Genki Genki Panic
Ghoulie High Harmony
When a band describes themselves as “instrumental horror surfer rock,” it’s kind of a trick to know what to expect. Are we talking something like Dick Dale or maybe early Beach Boys? Nope.
Chattanooga-based Genki Genki Panic has carved out their own corner in an already niche genre. With just two members—“Chancho” and “El Fatsquatch”—Genki Genki Panic produces a quirkily fun album that wades around in the dark and strange, but still occasionally meanders into the sunlight for a breath. All in all, Ghoulie High Harmony is an album I’d never expect to hear in 2015—because sometimes you forget about a type of music. But Genki Genki Panic’s Ghoulie High Harmony is here to make you remember.
The album is filled with song titles like “HPV Lovecraft” and “Sexting the Dead” that give it that eerily playful feel. The song I’m most immediately drawn to is “Camp Crystal Lake.” The staccato guitar rhythms are mirrored by the bass, and a dark dissonance plays on top of the whole thing. The drums sit in the back with hi-hat grooves and interwoven tom-toms.
“Camp Crystal Lake” is the only song on the album with a guitar solo, and even that only lasts for half a minute, but it feels great in the midst of the riff-laden album.
Ghoulie High Harmony is a strong first effort by Genki Genki Panic. The album is uniform in purpose and precise in execution. Reigniting the surfer-rock genre with a classic horror movies twist is something that’s not been done before, and these guys are doing it well.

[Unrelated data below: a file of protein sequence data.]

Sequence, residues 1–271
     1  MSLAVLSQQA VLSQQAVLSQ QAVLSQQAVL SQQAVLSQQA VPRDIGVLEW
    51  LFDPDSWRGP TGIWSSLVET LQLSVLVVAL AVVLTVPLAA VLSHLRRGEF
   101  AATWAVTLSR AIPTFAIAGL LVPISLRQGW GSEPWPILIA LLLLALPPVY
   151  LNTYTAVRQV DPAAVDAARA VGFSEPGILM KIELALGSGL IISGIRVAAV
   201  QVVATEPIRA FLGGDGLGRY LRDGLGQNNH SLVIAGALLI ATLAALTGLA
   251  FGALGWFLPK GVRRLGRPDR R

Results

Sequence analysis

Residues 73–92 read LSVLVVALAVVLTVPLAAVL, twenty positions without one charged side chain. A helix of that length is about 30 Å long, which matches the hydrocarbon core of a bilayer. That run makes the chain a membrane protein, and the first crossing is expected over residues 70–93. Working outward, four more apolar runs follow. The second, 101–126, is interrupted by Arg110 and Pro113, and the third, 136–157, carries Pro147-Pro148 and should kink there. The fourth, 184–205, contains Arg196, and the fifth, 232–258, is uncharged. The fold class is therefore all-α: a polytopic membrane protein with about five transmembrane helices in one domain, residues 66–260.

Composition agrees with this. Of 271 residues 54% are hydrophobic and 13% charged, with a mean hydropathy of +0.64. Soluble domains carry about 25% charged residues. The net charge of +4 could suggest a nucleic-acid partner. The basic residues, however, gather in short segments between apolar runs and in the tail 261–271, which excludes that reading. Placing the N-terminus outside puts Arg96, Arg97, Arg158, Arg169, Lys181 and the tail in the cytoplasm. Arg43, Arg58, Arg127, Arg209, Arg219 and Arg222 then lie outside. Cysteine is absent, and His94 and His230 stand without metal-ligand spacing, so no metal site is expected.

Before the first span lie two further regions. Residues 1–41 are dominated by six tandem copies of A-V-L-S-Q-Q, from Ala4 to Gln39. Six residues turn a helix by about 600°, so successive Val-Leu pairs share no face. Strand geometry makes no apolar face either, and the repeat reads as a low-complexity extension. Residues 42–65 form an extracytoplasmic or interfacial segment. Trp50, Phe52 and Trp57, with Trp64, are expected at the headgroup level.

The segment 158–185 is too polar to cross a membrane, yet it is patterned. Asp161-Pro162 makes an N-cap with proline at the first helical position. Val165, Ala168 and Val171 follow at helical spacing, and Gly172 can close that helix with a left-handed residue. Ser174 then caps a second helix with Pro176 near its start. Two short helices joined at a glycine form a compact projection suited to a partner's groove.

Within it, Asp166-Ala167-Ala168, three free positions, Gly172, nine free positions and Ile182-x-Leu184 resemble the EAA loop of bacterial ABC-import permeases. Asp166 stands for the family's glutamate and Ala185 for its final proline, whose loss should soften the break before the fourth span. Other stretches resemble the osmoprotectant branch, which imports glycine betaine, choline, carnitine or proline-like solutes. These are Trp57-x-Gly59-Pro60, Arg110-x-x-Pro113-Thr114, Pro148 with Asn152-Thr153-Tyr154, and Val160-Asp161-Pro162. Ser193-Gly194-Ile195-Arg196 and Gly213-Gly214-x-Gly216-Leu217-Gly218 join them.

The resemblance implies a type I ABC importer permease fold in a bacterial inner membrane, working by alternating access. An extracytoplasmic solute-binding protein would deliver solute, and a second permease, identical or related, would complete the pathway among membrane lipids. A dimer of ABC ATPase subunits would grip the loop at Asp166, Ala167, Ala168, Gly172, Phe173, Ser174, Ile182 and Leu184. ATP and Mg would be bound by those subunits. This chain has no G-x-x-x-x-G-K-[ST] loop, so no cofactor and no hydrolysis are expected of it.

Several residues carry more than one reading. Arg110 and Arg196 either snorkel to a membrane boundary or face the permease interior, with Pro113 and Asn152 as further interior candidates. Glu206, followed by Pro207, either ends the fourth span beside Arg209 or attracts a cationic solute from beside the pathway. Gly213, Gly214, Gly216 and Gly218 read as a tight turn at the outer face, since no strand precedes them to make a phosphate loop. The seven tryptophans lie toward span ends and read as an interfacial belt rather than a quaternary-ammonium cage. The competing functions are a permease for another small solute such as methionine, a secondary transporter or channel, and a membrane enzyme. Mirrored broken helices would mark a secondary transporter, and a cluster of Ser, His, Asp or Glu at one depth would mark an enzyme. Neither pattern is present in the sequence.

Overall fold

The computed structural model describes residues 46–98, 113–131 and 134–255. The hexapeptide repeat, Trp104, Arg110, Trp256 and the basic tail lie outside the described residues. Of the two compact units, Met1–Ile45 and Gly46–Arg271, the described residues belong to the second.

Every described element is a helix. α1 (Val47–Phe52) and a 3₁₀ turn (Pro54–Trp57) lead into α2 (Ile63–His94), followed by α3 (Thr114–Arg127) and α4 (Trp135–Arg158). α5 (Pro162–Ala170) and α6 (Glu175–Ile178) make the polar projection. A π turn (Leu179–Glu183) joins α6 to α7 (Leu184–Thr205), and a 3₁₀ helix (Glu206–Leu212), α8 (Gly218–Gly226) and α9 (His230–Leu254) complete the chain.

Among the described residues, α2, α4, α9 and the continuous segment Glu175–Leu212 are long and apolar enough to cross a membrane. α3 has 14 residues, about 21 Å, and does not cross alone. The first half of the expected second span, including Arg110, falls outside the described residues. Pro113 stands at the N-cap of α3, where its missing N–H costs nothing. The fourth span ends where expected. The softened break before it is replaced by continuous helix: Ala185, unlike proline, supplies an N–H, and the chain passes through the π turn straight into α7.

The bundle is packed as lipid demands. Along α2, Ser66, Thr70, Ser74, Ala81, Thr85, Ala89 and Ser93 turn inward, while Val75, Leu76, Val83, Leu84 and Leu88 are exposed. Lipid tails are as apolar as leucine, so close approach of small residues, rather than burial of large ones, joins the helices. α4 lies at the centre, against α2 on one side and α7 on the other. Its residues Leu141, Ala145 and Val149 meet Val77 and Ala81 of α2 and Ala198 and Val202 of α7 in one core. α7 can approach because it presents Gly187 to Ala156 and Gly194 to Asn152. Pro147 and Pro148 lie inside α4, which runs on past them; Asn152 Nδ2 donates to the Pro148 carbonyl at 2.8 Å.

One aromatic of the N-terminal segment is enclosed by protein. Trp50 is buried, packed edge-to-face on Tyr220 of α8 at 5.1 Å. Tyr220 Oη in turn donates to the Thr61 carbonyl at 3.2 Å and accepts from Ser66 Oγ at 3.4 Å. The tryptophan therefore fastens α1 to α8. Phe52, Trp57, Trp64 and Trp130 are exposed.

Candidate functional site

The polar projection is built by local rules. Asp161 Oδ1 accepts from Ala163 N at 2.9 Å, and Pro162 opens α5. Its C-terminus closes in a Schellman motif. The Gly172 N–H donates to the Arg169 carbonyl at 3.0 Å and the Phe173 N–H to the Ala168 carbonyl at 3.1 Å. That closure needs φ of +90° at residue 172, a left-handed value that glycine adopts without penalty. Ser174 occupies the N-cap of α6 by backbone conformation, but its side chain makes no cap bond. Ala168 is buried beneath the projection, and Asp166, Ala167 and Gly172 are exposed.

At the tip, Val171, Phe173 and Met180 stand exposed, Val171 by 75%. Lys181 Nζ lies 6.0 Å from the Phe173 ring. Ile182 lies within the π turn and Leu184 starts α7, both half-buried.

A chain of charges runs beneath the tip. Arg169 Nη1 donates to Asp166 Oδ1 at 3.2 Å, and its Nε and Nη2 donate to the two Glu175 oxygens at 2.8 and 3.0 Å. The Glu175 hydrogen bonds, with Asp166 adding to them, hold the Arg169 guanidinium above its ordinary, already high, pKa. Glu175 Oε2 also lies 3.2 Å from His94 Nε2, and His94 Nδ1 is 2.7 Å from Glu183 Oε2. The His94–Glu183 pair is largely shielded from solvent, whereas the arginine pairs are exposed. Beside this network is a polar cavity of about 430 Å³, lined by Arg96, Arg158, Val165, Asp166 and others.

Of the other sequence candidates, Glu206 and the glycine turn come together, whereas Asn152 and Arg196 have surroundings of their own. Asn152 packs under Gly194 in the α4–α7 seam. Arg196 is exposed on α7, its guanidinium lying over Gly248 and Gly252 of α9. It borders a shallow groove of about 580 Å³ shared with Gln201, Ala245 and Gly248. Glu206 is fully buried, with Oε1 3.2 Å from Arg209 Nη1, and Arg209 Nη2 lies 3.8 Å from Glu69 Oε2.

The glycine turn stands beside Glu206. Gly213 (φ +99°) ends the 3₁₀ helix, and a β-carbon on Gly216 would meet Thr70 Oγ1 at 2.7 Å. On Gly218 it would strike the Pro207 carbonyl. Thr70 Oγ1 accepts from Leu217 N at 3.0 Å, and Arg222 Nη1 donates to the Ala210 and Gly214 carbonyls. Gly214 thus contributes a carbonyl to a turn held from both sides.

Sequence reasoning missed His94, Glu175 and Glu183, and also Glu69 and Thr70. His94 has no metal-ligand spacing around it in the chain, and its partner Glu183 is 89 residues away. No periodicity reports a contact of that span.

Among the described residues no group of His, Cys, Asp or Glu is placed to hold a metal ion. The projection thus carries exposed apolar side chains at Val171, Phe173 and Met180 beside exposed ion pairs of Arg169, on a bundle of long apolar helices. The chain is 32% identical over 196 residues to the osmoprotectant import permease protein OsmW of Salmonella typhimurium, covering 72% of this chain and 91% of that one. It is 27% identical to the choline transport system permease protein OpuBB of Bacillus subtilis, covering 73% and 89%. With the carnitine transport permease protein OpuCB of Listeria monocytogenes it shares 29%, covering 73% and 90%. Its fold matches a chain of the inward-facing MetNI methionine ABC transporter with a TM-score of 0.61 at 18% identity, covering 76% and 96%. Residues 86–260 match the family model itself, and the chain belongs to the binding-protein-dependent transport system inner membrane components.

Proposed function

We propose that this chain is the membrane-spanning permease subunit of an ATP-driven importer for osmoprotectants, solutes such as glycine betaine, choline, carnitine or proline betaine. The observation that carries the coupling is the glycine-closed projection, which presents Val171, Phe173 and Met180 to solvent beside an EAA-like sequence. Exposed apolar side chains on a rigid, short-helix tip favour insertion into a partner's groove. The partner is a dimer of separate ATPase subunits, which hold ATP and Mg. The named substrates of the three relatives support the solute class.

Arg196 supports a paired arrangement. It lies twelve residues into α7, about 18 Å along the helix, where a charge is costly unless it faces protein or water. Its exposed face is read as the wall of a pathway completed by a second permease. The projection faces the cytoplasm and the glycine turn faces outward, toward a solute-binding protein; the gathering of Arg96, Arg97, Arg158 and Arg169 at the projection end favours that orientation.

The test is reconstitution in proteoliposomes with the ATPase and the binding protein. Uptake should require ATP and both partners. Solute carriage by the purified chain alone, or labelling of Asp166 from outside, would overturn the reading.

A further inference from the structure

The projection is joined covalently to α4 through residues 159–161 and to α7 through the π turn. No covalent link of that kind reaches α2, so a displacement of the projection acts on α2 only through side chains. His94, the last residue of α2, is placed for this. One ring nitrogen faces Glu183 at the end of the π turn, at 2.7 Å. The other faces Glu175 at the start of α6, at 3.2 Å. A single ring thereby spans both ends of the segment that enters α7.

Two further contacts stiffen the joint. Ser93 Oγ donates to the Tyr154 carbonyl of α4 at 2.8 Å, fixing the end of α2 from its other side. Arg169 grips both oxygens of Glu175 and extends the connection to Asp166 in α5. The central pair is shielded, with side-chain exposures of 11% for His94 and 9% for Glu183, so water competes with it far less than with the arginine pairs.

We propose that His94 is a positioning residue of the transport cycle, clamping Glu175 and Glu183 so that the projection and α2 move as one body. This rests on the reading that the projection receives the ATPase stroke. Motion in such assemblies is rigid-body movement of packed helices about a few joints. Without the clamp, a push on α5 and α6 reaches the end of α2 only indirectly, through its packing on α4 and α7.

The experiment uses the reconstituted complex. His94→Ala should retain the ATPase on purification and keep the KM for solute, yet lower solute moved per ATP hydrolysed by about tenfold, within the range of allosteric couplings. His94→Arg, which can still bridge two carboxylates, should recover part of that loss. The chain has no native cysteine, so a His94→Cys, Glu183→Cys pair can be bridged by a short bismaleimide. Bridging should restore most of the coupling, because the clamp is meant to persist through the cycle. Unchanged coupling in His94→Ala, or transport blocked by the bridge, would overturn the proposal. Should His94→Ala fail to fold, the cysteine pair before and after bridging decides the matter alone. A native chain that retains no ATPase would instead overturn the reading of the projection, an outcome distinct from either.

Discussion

The album is quick, dark and fun. Here’s hoping Genki Genki Panic transfers their album efforts to a live stage—Halloween’s not too far away.
The Dead Deads
Nashville’s The Dead Deads are playing Rhythm & Brews here in Chattanooga soon and have also found a spot in this year’s Riverbend festival lineup. I love when Nashville comes to Chattanooga, but I’ve not heard of The Dead Deads before. And I’ve been missing out this whole time.
The Dead Deads are a five-piece all-female rock band. Their music dips its pen in grunge, punk, alternative, and even dance. Appropriately released on Halloween of 2014, Rainbeau marks the first full-length album of The Dead Deads.
As soon as the album boots up, the dance-beat is obviously influential. Not that the music is so simple as that, but this is definitely an album that will make a crowd jump and swing to the booming rhythm.
The album seems to owe, if unintentionally, a nod to Rob Zombie with its industrial drums, fuzzy bass, dark vocal harmonies and dance-oriented pacing. That being said, Rainbeau gets heavier and more poppy than Rob Zombie depending on the track. Middle-of-the-album “Nope” surprised me with a slow breakdown paired with deep almost-death metal screams. Even more surprising is when the next track “Radio” plays and dives headfirst into The Dead Deads’ pop awareness.
Rainbeau serves as a genre-bending crossroads that crashes all of rock-n-roll’s forms together. And what comes away from that crash is surprisingly cohesive, intact and direct. Listening to Rainbeau, it’s easy to imagine The Dead Dead’s pulling off killer high-energy live shows.
The final title track “Rainbeau” plays, and you can feel the climax of a live show in this song. The lasting strength of Rainbeau is its inescapable energy that will force your feet to kick and your head to bang.